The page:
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Drug Alcohol Rev. 2010 Nov;29(6):623-30. doi: 10.1111/j.1465-3362.2010.00238.x.

Conducting economic evaluations of screening and brief intervention for hazardous drinking: Methods and evidence to date for informing policy.

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1
RTI International, Research Triangle Park, NC 27709, USA. cowell@rti.org

Abstract

ISSUES:

Many policy review articles have concluded that alcohol screening and brief intervention (SBI) is both cost-effective and cost-beneficial. Yet a recent cost-effectiveness review for the United Kingdom's National Institute for Health and Clinical Excellence suggests that these conclusions may be premature.

APPROACH:

This article offers a brief synopsis of the various types of economic analyses that may be applied to SBI, including cost analysis, cost-effectiveness analysis, cost-utility analysis, cost-benefit analysis and other types of economic evaluation. A brief overview of methodological issues is provided, and examples from the SBI evaluation literature are provided.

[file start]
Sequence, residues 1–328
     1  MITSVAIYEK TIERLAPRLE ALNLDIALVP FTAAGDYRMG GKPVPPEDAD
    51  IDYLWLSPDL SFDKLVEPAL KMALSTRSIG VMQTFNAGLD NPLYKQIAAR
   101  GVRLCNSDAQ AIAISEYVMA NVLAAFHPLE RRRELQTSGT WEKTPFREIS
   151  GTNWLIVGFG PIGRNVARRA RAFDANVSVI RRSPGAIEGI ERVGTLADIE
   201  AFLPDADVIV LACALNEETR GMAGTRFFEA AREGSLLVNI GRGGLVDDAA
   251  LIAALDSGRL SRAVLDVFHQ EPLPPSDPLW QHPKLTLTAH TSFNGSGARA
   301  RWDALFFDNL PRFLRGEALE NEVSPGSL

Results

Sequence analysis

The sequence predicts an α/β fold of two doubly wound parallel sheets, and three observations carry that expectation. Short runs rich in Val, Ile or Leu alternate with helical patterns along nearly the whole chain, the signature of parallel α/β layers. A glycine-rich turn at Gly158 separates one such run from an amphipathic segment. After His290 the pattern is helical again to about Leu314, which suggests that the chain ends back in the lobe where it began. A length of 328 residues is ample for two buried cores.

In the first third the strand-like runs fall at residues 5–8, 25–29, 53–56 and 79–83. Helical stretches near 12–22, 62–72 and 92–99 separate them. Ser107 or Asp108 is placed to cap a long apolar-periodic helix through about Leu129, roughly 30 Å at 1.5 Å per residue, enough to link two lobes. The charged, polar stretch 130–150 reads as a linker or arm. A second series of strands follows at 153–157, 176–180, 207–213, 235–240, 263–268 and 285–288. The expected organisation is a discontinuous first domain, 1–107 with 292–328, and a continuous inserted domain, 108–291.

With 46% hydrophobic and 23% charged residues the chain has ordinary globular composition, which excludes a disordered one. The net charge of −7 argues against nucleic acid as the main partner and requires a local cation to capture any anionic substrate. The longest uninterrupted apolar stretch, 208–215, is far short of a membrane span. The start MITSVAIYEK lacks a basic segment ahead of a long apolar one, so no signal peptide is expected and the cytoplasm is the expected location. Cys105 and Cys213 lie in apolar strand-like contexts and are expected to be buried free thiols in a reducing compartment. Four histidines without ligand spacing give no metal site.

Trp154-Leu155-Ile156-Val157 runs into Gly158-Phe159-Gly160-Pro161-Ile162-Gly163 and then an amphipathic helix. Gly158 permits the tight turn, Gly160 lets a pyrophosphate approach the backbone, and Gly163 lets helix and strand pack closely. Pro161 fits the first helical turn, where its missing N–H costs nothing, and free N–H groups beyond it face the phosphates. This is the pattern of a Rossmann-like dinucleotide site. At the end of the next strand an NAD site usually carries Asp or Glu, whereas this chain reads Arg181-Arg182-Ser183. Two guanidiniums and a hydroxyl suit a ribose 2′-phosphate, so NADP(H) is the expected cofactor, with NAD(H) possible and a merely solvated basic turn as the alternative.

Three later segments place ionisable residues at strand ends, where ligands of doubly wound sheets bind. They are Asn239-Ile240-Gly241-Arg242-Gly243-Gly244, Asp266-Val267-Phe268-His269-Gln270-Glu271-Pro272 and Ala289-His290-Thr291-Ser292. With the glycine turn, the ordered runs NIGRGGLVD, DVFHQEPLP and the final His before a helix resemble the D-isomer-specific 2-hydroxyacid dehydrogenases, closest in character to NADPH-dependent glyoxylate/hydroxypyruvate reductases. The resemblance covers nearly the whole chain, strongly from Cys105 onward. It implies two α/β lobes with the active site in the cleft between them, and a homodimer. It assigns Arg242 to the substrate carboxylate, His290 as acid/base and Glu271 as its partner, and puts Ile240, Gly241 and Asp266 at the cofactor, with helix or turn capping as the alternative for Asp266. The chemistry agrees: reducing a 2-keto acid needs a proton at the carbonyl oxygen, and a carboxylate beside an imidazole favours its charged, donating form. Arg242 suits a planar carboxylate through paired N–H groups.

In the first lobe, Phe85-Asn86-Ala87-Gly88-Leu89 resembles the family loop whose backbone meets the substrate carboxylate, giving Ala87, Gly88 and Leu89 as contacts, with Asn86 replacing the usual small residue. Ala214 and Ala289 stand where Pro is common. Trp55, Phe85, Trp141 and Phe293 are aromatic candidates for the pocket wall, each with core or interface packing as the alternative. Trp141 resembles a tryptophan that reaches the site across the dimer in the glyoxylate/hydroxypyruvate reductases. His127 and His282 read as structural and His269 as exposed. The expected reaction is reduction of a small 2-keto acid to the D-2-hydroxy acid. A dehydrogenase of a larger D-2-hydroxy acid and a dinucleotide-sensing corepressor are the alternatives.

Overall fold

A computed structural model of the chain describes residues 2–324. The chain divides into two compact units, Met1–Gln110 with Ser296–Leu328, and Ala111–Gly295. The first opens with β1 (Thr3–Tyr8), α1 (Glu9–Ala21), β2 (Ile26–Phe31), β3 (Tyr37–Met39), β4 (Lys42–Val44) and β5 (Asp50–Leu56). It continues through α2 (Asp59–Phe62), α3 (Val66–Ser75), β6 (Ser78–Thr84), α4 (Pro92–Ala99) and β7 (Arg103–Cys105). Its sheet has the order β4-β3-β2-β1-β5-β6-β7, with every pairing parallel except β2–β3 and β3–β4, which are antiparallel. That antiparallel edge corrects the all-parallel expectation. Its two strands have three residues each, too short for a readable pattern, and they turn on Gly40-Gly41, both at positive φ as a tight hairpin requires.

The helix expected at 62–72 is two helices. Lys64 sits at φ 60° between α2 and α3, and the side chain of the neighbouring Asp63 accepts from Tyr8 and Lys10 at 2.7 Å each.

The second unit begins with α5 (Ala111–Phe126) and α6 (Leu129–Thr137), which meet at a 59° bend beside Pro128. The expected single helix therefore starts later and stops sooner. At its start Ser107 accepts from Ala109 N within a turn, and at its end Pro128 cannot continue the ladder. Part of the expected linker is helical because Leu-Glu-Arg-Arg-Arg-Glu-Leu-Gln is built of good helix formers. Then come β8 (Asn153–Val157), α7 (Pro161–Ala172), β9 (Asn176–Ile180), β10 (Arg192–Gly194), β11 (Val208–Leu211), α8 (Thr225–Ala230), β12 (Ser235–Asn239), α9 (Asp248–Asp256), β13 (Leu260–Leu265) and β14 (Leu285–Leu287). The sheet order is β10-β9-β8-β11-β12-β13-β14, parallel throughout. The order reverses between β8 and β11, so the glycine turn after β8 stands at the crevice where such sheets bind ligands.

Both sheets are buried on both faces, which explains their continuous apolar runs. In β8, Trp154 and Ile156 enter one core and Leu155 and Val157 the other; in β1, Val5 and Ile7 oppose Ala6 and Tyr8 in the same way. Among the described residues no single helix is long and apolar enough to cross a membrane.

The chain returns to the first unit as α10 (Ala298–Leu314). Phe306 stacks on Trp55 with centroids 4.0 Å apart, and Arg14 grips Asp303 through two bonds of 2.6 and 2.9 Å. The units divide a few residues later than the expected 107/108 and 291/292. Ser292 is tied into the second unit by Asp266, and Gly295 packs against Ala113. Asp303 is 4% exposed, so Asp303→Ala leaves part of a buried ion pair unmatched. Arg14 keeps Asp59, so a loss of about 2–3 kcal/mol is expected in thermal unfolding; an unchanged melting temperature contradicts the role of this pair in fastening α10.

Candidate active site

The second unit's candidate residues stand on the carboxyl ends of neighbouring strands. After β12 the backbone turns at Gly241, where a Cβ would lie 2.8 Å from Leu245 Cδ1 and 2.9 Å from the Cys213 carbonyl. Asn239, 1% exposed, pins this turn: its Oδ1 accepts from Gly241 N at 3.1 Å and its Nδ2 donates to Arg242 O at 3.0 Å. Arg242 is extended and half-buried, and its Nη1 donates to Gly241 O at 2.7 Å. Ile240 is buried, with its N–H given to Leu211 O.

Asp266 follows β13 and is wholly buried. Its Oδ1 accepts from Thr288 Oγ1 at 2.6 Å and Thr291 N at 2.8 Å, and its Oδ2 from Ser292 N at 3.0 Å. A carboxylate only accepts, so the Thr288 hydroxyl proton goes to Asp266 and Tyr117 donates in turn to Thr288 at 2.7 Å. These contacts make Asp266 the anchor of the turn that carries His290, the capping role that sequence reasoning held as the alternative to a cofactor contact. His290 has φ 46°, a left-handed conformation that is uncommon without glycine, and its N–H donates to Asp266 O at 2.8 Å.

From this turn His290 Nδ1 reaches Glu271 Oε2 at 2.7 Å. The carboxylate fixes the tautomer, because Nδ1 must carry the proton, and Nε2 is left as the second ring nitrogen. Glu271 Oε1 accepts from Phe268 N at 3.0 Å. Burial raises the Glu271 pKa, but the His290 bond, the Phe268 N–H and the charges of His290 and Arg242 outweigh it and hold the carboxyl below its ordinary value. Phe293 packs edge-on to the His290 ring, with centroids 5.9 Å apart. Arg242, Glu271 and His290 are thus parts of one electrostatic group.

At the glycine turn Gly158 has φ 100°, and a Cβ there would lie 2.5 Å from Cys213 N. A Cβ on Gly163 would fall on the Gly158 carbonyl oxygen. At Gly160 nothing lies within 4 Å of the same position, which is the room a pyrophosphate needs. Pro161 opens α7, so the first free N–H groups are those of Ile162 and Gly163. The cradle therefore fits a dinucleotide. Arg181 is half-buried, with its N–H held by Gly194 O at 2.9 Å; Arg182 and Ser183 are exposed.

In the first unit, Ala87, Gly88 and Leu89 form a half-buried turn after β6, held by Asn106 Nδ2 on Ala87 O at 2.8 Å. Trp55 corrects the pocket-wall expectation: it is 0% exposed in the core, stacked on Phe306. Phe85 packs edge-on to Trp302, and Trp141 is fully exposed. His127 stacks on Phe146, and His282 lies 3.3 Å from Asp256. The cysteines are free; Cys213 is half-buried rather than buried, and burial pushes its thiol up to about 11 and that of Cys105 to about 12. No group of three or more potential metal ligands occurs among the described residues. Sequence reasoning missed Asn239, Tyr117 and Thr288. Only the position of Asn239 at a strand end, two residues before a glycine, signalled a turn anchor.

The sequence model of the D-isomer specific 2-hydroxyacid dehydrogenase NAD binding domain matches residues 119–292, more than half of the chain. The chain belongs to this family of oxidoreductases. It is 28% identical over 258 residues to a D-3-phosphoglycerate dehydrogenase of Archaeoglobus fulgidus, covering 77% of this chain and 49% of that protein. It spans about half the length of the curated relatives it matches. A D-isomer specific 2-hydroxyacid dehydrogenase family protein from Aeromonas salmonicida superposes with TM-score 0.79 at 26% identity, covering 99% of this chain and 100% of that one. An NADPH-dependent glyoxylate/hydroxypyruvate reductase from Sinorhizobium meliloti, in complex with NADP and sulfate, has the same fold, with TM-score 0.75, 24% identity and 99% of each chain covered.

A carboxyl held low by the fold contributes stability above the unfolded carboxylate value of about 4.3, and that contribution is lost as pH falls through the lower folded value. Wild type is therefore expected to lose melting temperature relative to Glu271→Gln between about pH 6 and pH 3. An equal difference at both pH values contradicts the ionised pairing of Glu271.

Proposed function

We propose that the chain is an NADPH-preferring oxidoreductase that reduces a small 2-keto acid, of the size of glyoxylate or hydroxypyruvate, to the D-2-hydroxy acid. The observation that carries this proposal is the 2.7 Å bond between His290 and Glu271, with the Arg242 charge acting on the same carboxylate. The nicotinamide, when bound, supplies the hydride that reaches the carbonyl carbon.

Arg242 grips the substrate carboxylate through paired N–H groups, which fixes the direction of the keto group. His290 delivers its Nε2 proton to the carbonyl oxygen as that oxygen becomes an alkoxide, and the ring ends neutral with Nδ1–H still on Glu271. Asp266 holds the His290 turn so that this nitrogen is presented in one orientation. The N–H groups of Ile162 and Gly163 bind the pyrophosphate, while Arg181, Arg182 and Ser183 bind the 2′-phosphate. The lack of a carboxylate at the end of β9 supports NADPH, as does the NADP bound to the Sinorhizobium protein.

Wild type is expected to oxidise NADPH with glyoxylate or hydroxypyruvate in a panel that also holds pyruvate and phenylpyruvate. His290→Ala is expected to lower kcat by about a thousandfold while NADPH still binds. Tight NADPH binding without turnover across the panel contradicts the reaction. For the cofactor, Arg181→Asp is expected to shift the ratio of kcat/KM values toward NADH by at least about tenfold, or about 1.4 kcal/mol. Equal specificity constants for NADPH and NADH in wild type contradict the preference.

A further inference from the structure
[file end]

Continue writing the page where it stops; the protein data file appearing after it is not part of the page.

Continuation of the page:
KEY FINDINGS, IMPLICATIONS AND CONCLUSIONS:

The current evidence base is insufficient to draw firm conclusions about the cost, cost-effectiveness or cost-benefit of SBI and about the impact of SBI on health-care utilisation.[Cowell AJ, Bray JW, Mills MJ, Hinde JM. Conducting economic evaluations of screening and brief intervention for hazardous drinking: Methods and evidence to date for informing policy.

PMID:
20973847
PMCID:
PMC2965557
DOI:
10.1111/j.1465-3362.2010.00238.x
[Indexed for MEDLINE]
Free PMC Article
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